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Amata’s D.C. Office moving to a roomier space in the Rayburn Building

Sam Rayburn Capitol Office Building
Source: Uifa’atali Amata’a Washington D.C. office press release

Washington, D.C. – For the first time in Congresswoman Uifa’atali Aumua Amata’s four terms in Congress, American Samoa’s congressional office in DC is moving. Every two years, with 441 total seats in the U.S. House of Representatives, several dozen locations become available following retirements and elections. This year, Congresswoman Uifa’atali chose an office location being vacated by Congressman Mike McCaul of Texas, a nine-term senior Member of Congress.

Statue of long-serving Texas Democratic Speaker of the House Sam Rayburn at the courtyard entrance to the Rayburn Building where Uifa’atali Amata’s D.C. Congressional Office will relocate this month. [courtesy photo: Uifa’atali Amata’s D.C. office]

 “As we put up our American Samoa art and pictures, it will quickly be full of reminders of our beautiful islands,” said Uifa’atali Amata. “As always, my door in the DC office is open to you. If you’re ever visiting, Capitol tours are available but it’s best to give Capitol officials as much notice as possible to make sure you get in.”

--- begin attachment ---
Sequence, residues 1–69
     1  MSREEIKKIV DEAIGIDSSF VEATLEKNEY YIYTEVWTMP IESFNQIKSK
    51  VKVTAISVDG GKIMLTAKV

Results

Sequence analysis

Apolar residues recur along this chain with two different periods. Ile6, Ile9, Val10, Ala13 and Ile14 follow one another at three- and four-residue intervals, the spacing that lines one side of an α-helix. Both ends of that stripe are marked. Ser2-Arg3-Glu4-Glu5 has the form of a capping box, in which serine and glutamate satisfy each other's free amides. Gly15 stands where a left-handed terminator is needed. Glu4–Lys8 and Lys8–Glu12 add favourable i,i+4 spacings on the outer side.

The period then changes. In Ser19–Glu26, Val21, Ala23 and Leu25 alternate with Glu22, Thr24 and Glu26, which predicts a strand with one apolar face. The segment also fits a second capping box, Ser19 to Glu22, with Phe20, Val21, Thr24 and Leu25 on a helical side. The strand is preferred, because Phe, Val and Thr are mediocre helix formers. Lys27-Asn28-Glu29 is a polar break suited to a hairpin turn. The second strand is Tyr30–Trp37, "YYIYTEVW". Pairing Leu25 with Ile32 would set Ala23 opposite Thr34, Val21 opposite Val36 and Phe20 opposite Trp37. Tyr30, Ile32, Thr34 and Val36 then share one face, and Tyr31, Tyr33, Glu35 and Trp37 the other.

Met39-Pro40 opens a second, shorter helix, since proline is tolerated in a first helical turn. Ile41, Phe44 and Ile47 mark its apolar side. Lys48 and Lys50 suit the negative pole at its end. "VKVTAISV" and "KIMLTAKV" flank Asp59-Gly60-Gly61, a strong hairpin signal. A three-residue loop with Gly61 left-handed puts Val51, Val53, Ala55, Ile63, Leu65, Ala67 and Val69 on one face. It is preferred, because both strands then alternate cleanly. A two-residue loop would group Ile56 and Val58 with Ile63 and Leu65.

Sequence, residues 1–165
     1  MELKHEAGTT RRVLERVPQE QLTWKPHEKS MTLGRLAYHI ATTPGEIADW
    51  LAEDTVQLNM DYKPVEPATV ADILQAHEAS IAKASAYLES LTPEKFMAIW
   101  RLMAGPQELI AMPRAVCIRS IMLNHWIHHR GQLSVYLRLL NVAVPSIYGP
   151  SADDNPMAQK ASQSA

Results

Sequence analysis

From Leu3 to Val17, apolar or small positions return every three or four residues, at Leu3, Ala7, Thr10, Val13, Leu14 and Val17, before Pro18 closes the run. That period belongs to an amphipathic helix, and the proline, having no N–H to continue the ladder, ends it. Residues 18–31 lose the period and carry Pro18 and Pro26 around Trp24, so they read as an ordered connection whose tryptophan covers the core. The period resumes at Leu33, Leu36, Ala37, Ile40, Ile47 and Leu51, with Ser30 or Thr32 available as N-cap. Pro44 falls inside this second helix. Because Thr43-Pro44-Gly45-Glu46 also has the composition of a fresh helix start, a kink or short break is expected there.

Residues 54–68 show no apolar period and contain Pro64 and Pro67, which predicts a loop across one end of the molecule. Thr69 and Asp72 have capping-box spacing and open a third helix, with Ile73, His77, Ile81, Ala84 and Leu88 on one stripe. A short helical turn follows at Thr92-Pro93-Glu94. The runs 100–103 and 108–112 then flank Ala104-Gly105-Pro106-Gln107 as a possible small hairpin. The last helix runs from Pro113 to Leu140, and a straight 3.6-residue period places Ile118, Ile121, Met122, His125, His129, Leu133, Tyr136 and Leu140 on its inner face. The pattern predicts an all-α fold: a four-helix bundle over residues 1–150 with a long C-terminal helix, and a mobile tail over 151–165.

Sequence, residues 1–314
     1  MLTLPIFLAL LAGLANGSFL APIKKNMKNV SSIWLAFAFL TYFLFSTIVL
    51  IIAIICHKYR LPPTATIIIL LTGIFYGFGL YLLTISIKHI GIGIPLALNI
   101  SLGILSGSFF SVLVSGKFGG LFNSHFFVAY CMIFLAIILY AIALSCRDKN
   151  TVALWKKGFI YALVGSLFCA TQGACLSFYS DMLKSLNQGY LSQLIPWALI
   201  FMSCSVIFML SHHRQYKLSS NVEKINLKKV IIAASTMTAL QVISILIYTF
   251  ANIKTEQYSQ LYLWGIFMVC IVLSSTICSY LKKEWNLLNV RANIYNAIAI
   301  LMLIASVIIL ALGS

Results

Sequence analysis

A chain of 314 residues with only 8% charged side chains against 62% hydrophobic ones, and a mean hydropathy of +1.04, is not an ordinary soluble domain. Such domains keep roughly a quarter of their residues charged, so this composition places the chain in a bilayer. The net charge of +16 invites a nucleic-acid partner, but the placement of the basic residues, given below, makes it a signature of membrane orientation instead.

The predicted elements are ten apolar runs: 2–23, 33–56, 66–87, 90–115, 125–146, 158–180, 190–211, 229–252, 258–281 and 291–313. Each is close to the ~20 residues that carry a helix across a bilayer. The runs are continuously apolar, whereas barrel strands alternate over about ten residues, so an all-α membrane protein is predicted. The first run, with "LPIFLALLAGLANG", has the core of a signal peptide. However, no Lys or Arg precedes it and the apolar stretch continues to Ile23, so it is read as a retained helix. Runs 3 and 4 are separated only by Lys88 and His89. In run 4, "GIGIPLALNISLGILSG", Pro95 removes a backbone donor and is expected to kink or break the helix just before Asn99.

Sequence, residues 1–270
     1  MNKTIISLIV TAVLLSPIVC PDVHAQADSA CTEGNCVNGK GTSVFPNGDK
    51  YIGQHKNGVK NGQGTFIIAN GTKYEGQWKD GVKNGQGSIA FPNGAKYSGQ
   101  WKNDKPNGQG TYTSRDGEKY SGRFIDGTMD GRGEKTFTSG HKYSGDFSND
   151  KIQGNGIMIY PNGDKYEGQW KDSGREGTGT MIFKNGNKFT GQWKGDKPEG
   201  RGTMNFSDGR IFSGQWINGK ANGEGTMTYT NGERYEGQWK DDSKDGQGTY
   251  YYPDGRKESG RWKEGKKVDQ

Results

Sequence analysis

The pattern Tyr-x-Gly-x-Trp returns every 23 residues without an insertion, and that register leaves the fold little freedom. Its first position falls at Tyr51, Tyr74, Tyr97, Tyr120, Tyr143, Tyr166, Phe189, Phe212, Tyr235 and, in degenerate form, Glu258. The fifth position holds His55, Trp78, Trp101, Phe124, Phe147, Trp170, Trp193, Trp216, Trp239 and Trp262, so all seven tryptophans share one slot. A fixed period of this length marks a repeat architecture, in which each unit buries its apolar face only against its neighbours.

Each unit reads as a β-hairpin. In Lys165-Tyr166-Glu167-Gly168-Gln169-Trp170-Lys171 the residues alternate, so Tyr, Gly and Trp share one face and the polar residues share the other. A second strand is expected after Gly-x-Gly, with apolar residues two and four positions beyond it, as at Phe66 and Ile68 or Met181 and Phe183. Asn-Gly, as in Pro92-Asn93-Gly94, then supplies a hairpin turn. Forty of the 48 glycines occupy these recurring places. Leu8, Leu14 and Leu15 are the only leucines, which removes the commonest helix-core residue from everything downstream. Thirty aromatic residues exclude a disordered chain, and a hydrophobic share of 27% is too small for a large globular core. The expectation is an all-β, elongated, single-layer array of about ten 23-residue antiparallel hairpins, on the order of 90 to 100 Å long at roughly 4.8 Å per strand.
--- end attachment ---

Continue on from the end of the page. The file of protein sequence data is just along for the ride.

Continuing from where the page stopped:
The move will be completed in December (this month). Congressional offices are generally three main rooms, including the Member’s office, reception and staff working areas. The new American Samoa offices will be larger in square footage, and notably, near an Independence Avenue exterior entrance across from the U.S. Capitol. Alternatively, the interior subway to the Capitol is one floor down.

After eight years at 1339 Longworth House Office Building, the new address will be 2001 Rayburn House Office Building on Rayburn’s ground floor. The two buildings are side by side, both facing the Capitol and connected internally by tunnels


The beautiful 2022 Capitol Christmas Tree recently decorated on the grounds of the U.S. Capitol. Every year, a different national forest is selected to provide a tree to appear on the west lawn of the U.S. Capitol building for the holiday season. The 2022 tree came from the National Forests in North Carolina. [courtesy photo: Uifa’atali Amata’s D.C. office]